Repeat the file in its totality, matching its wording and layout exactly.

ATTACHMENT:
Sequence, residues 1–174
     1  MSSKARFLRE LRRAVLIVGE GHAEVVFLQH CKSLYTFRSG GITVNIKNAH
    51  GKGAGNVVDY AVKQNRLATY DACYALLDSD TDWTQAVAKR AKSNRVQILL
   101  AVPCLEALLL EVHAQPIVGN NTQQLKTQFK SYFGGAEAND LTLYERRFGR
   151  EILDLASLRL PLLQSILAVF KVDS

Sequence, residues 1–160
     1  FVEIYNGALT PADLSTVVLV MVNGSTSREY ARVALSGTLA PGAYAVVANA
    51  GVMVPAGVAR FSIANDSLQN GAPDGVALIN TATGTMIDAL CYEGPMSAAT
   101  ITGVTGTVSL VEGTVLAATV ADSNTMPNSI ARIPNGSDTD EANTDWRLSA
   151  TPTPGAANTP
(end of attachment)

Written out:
Sequence, residues 1–174
     1  MSSKARFLRE LRRAVLIVGE GHAEVVFLQH CKSLYTFRSG GITVNIKNAH
    51  GKGAGNVVDY AVKQNRLATY DACYALLDSD TDWTQAVAKR AKSNRVQILL
   101  AVPCLEALLL EVHAQPIVGN NTQQLKTQFK SYFGGAEAND LTLYERRFGR
   151  EILDLASLRL PLLQSILAVF KVDS

Sequence, residues 1–160
     1  FVEIYNGALT PADLSTVVLV MVNGSTSREY ARVALSGTLA PGAYAVVANA
    51  GVMVPAGVAR FSIANDSLQN GAPDGVALIN TATGTMIDAL CYEGPMSAAT
   101  ITGVTGTVSL VEGTVLAATV ADSNTMPNSI ARIPNGSDTD EANTDWRLSA
   151  TPTPGAANTP